WorldStage provided a media-server driven video package for the hit Broadway musical, “Dear Evan Hansen,”, which relies on the technology to tell the story of a high school senior coping with social anxiety disorder. It is currently playing to packed houses at the Music Box Theatre but WorldStage supported the show’s initial Arena Stage production in Washington, D.C. as well as its Off-Broadway run.
|Cast of Dear Evan Hansen|
“Everywhere you look there is video: Every surface of the entire playing space can be covered by content whether projection or LCDs,” said Peter Nigrini, projection designer. Display surfaces comprise a front projection system, a series of portals and tracking panels, flat-panel LCD monitors and the stage floor.
“The cornerstone is Evan and his interaction with the real world through a social media lens,” Nigrini explains. “To successfully tell our story, social media needed to be a visceral part of the theatrical environment. After the set designer created the physical environment, my job was to bring this virtual world to life on stage and give it the emotional power that so many teenagers clearly feel in their interactions with social media.”
To achieve Nigrini’s look for the social media environment WorldStage utilized d3 media servers from d3 Technologies. WorldStage also supplied Panasonic PT-DZ21K projectors as well as Panasonic PT-RZ12K laser-phosphor projectors; and a pair of Panasonic pan-tilt-zoom cameras, which are used to create live interactions on stage. The d3 systems also feed video to several dozen 32- and 40-inch LCD monitors and are connected to the automation computer for tracking moving scenery.
“It’s an unusually large system with a lot of video signal management and we used a number of tricks to provide additional high-resolution outputs from the same number of server channels,” said Lars Pedersen, WorldStage account executive. “It’s a complicated approach but provides the production with great bang for their budget dollars.”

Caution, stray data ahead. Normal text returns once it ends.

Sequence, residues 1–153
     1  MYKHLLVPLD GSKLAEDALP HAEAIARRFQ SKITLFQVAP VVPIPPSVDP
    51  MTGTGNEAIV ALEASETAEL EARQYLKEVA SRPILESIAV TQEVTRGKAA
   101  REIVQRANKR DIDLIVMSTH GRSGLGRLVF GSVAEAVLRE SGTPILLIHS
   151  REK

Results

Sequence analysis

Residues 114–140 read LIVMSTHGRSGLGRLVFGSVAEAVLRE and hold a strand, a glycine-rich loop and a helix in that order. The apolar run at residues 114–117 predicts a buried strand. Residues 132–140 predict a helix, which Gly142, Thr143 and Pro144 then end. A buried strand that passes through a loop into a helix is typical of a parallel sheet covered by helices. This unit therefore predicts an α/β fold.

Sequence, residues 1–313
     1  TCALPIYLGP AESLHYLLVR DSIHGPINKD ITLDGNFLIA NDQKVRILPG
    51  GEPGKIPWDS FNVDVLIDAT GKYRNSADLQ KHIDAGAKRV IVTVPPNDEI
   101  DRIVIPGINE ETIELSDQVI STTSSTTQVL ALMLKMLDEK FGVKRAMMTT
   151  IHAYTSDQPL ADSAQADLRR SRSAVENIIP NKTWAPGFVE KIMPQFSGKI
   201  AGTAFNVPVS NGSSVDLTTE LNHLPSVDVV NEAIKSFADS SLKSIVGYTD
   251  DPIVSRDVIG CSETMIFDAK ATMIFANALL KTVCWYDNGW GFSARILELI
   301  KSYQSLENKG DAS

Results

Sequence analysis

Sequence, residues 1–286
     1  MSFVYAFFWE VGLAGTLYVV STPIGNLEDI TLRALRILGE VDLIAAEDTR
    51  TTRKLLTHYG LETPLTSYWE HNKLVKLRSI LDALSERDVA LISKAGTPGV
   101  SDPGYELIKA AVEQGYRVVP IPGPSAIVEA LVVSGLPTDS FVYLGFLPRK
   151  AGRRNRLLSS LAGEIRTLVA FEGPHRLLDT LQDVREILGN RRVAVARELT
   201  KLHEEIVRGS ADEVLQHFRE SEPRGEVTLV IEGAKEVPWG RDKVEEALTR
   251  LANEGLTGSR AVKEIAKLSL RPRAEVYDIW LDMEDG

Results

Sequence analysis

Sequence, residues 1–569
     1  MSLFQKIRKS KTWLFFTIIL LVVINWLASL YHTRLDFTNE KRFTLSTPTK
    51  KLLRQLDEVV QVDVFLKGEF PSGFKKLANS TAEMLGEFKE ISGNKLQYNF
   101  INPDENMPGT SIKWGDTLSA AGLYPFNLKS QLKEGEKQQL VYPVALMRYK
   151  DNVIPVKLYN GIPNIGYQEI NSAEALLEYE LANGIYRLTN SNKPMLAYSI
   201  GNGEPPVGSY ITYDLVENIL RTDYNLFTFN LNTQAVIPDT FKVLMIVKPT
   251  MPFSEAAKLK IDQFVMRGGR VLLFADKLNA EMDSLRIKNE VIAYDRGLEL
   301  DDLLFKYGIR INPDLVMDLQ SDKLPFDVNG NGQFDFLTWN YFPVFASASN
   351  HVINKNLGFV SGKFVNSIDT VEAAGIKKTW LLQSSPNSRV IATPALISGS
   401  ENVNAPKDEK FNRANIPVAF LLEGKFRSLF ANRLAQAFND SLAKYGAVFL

Nigrini agrees that the production is “ferociously complex – an incredibly complicated machine. There are so many moving parts both real and virtual; d3 tracks 28 points of automation and the show content tops out at just under a terabyte.”
He calls WorldStage, “old friends, a trusted resource with a real understanding of the theatrical process. It’s unusual for a video house to understand the nuts and bolts of theater. We work in small rooms, in miniature, so the tolerances for fit and finish are very high. WorldStage understands the levels of detail and complexity that go into a Broadway show and that I expect in anything that carries my name.”
Nigrini believes d3 is “an essential part of the tool kit” for “Dear Evan Hansen.”
“The days when we could think of projection as a 2d art are over, and d3 allows me to have content fall into the three dimentional stage and move in a seemingly organic way. There are so many little bits of video in the show; the d3 system understands where all the moving parts are and allows me to place content with an incredible level of detail – the fact that I can put the right fragment of video in exactly the right space at the right time is amazing.”
Nigrini notes that WorldStage began work on the production two-and-a-half years ago in Washington. “It’s a long process to become a hit Broadway musical,” he said. “WorldStage is great at understanding that it’s a long, long game.
He believes that “Dear Evan Hansen” is “revolutionary” for its ability to utilize “human beings, video and projection elements to tell a story” that theatergoers obviously connect with.
At WorldStage Tom Whipple is the project manager for the show and Alex Bright the media server technician.